Designed by Arthur Loomis Harmon, a partner in the same architectural film that designed and built the Empire State Building in New York. Built in 1931, the YMCA is heavily influenced by Byzantine design and architecture: it was opened in 1933 and dedicated by Lord Allenby.
Located as it is in Jerusalem, the architects took into account the three main monotheistic religions - the 40 columns int he forecourt represent the 40 days in the wilderness of the Jews and Christ's 40 days in the wilderness: 12 windows in the auditorium represent the 12 disciples, 12 followers of Mohammed and the 12 tribes of Israel.
Nowadays, its 152 foot tower is a city landmark along with an observation tower for tourists, and within its walls, a hotel (Three Arches), conference centre, fitness centre, swimming pool, restaurant and a 600 seat auditorium are to be found.
NIS10 will get you access to the lift in the tower - ask at the information counter. Views are somewhat marred by the extra 2 floors built onto the King David Hotel across the street in the 1950s.
The first thing you see as you approach the Jerusalem YMCA – apart from the stunning architecture, of course - is a trilingual sign in English, Hebrew and Arabic proclaiming “Here is a place whose atmosphere is peace, where political and religious jealousies can be forgotten, and international unity be fostered and developed.” So said Lord Plumer, the British High Commissioner for Palestine, at the cornerstone-laying ceremony in 1928.
The array of programs offered by the “Imka,” as it is called locally, would seem to bear that out. The Y runs a Jewish and Arab pre-school (separate classes, but joint activities), and a language school where you can study English, Hebrew and Arabic. It also houses the Great Shape Studio and Mind-Body Center to help you relax (yoga classes, etc.) and stay physically fit (exercise machines, basketball and squash courts, swimming pool, sauna). The library and reading room is stocked with books in English, French and German, as well as newspapers in different languages (open Mon.-Fri. 9 a.m. to 1 p.m.). It has a very charming restaurant (not kosher, so I can’t comment on the food) which also has outside tables on a patio surrounded by greenery.
Altogether it is a very pretty place, with atmosphere to match. First look down: Embedded in the floor of the entrance hall is a mosaic replica of the famous 6th century Madaba map, with its schematic representation of Byzantine Jerusalem. Then look up: Above you is a 17th century wooden ceiling from Damascus, reassembled here.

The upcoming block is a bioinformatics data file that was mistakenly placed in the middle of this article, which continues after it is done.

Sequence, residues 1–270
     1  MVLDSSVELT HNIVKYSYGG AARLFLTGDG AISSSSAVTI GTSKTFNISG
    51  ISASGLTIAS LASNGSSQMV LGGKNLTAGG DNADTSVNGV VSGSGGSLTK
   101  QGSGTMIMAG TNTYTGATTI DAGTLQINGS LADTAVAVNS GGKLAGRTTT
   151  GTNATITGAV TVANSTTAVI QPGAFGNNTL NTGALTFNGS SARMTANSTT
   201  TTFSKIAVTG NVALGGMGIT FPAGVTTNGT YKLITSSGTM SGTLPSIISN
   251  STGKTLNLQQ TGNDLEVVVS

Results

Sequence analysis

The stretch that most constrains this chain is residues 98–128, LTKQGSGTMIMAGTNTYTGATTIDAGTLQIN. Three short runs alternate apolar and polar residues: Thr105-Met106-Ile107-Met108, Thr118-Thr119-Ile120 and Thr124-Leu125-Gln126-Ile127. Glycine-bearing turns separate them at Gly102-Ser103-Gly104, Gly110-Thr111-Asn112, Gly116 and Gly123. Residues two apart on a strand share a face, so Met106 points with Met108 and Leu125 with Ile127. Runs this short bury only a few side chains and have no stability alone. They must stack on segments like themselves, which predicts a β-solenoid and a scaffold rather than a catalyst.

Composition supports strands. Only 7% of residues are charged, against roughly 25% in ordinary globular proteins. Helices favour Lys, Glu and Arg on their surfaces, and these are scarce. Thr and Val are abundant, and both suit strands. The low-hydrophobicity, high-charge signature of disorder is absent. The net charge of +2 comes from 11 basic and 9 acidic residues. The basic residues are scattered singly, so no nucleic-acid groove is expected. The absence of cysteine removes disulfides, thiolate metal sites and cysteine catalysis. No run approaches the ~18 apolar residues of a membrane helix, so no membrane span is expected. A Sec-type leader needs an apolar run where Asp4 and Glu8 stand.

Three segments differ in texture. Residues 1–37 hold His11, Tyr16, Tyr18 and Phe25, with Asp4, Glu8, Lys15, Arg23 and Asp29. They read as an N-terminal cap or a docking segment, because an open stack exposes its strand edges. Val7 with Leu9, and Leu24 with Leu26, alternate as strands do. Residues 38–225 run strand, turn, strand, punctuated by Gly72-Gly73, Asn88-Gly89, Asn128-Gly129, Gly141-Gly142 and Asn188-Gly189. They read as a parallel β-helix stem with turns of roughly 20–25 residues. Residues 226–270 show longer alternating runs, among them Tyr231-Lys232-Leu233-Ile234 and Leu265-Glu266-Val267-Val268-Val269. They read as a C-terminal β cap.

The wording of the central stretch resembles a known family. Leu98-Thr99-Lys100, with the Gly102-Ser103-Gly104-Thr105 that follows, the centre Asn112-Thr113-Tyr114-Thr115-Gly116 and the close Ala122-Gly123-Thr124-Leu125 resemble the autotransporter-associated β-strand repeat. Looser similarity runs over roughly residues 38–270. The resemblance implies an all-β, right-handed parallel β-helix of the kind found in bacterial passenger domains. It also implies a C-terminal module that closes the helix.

Like many YMCAs around the world, the Jerusalem Y used to be a cheap sleep. Nowadays, it operates a hotel on the premises, the Three Arches. It has 56 rooms that look quite nice (in the brochure, at least), with prices that don’t sound so cheap to me –$85 for a double room, $70 for a single.
Once you’re there, take the elevator up to the bell tower for NIS5 (less than a dollar) for a panoramic view of Jerusalem.
The YMCA building is not the place where the village people are dancing and singing.
The building's 50 meters tower , has great view over the city that was build in 1928 with the help of the YMCA association (the meaning of YMCA is Young Men's Christian Association).
The architect of the building was also the architect of the Empire State Building, so we can say that this building was in good hands while he was built.
The Entrance to the tower is 5 nis (something like 1 USD) and it is open from 9-17 (saturday 9-12).
Trivia question: What do the Jerusalem YMCA and the Empire State building have in common? Both were designed by the same architect - Arthur Loomis Harmon. The Empire State is 10 times taller than the Jerusalem Y (locally known as the “Imka”) but both were the tallest buildings in town when they were built. On top of that, this YMCA – (which stands for Young Men’s Christian Association, in case you’ve forgotten) – is the only “Jewish” Y in the world. Built during the British Mandate, it opened its doors to the public in 1933, catering mainly to Christians. After the establishment of the state, its charter was changed to allow Jews to sit on the board.
The Y is one of those melting-pot buildings that borrow from a bunch of architectural styles. Byzantine, Romanesque, Gothic, neo-Moorish – this place has got it all. In the 50-meter (152 ft.) bell-tower, which looks very “mosquey,” are 35 carillion bells imported from Croydon, England. A caretaker I spoke to said they are rung only on Christmas.
On either side of the main entrance are white-domed buildings, connected to the main building by vaulted arcades. One is a 600-seat concert hall with a pipe organ, which was the first home of the Jerusalem Symphony Orchestra, and the other is a sports center, housing Jerusalem’s first swimming pool. In fact, it was the only pool until the 1960s.
The soccer field behind the building was the training field for the city’s local team, Betar Jerusalem, and the venue for all national and international games until 1991 (at the moment, it’s a giant construction site). Soccer games used to be held on Saturday afternoons. When I lived in Jerusalem as a teenager, there wasn’t a treetop in the vicinity without some soccer fan perched in it on Saturday afternoon. And if you lived on a street near the YMCA, everybody wanted to be your friend because your rooftop was the perfect place to watch the game for free.
This is the main entrance to the YMCA. The central tower is a landmark in Jerusalem and before the advent of highrises in New Jerusalem was singular.
The YMCA in Jerusalem also has a hostel that I have heard is very good. The picture is taken from the dirction of the old city.